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Ripple, the third-largest cryptocurrency by market cap, has announced that it will spend most of 2020 trying to build new partnerships with banks in Brazil and South America.
Ripple Wants to Build Itself Up in South America
The main goal is to make remittance payment capabilities stronger within the nation’s borders. Ripple began building up its presence in Brazil in mid-2019 and has already established relationships with several leading financial institutions including Bradesco, Santander and Rendimento.
Luiz Antonio Sacco – managing director of Ripple’s South America branch – explained in a statement:
With successive advances in Brazilian banking regulation to facilitate financial transactions, including international, opportunities here will grow greatly in the coming years.
Brazil has become one of the leading cryptocurrency havens in South America. It was one of the first countries to introduce newfound regulation of assorted virtual currency activities. In addition, payment firms like Cielo have recently sought to provide bitcoin payment options to citizens in Brazil, making it easier for them to get their fingers on cryptocurrencies and avoid the repercussions of the nation’s failing bank establishments.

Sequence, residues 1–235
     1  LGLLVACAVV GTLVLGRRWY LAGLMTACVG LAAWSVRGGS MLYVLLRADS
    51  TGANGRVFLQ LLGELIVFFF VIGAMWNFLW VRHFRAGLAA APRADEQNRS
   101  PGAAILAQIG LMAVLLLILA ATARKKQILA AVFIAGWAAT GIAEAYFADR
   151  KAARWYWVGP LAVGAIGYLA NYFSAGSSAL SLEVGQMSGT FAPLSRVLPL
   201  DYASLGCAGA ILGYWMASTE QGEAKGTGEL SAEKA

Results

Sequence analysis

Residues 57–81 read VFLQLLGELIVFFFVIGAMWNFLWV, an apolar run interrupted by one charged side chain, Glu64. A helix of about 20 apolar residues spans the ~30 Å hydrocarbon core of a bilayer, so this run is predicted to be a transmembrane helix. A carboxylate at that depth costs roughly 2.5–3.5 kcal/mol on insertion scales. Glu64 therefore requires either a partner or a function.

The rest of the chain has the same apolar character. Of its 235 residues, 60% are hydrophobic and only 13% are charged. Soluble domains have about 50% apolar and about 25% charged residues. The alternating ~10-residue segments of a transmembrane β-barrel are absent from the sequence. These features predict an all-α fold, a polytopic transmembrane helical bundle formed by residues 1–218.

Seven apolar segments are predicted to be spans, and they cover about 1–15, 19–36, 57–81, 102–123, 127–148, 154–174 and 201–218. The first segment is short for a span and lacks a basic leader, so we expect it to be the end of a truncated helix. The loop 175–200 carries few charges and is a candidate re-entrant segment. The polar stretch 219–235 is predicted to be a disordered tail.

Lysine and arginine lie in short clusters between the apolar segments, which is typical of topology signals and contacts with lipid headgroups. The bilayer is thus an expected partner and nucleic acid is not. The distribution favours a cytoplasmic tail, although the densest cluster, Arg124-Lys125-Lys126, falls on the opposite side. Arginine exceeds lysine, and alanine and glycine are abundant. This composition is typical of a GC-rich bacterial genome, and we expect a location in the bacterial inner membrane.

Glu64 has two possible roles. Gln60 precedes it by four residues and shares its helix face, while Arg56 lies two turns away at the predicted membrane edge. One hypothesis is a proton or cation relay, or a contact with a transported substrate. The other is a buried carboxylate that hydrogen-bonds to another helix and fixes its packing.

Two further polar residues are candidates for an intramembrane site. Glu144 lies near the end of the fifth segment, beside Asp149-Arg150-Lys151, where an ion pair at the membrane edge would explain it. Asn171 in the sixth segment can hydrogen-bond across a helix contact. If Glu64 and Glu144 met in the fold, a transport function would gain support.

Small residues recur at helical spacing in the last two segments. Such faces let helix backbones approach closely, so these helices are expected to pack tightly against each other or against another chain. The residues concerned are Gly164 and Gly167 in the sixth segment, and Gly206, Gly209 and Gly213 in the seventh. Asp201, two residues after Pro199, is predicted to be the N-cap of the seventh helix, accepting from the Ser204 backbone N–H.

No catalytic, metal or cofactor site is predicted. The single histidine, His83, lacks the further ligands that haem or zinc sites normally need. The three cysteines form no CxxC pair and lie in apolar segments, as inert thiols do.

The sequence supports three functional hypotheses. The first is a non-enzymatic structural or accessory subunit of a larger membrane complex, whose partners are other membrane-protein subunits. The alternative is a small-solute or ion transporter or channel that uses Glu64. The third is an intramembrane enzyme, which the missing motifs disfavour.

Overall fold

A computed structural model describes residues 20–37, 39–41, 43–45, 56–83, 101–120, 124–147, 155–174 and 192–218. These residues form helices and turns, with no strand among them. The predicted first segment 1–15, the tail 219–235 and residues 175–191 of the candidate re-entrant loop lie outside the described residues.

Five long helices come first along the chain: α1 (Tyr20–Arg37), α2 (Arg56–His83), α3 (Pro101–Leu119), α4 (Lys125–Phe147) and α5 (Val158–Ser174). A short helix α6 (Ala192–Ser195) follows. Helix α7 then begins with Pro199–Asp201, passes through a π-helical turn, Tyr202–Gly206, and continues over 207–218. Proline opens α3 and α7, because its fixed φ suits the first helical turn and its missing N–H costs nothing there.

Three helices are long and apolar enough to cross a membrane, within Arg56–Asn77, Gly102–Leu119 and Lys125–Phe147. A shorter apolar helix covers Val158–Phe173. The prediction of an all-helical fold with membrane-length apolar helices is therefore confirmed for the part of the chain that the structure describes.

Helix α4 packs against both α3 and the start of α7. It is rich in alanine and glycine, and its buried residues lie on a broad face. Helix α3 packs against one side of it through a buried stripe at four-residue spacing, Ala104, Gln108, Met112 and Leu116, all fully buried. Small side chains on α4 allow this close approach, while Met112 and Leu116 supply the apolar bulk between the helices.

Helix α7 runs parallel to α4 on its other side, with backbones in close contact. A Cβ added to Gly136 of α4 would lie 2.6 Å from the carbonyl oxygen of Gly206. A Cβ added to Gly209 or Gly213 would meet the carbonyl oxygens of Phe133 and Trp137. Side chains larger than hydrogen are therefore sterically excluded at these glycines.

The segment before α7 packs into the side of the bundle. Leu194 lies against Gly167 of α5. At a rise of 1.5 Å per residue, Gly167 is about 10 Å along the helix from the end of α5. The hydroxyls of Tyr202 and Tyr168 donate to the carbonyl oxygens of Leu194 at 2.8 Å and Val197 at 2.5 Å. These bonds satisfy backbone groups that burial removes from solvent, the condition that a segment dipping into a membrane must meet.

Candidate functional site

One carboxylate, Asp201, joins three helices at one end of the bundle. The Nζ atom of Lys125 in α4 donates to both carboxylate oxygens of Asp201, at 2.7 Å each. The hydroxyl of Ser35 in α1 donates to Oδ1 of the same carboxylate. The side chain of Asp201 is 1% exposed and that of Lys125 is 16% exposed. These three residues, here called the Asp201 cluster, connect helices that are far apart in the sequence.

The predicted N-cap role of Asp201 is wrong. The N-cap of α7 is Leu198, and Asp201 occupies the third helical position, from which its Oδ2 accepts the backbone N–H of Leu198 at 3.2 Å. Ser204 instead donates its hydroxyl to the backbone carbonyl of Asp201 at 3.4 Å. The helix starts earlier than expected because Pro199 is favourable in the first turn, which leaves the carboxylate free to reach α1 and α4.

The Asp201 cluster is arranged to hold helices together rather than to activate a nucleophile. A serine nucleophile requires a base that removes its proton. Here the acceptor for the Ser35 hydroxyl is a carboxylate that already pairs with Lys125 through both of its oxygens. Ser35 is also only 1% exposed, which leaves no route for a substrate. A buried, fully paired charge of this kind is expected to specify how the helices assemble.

However, as with any nation where crypto is growing in both stature and reputation, Brazil has also been the center of several crypto-related crimes and scams. Several customers throughout the nation report companies that promise fast and easy returns while ultimately taking all their funds. When they try to get their money back, they find that most of the time, there’s no more money to be had.
One such example of a phony company came in the form of what’s called the HPX platform. An anonymous customer claims that while he was able to make deposits in the system, he was never able to take his money out. Furthermore, the company allegedly utilized social media and WhatsApp to shell out false advertisements as a means of increasing people’s involvement.
Another crime ring was discovered in May of last year. The ring may have involved as many as 50,000 separate investors who were potentially conned out of as much as $200 million. The operation has since been taken down and those involved are in custody.
Good Times and Bad
Ripple recently completed a $200 million funding round that brought its overall valuation to a whopping $10 billion. In addition, the company has upped its investments in MoneyGram as a means of establishing a stronger remittance payment platform and competing with the likes of SWIFT.
While things are strong for Ripple, a dark cloud has formed on the horizon in the shape of a class-action lawsuit brought on by former investors who claim that the company lied about its status as a non-security. Ryan Coffey – the initial instigator of the lawsuit – has described Ripple as a “never-ending initial coin offering (ICO).”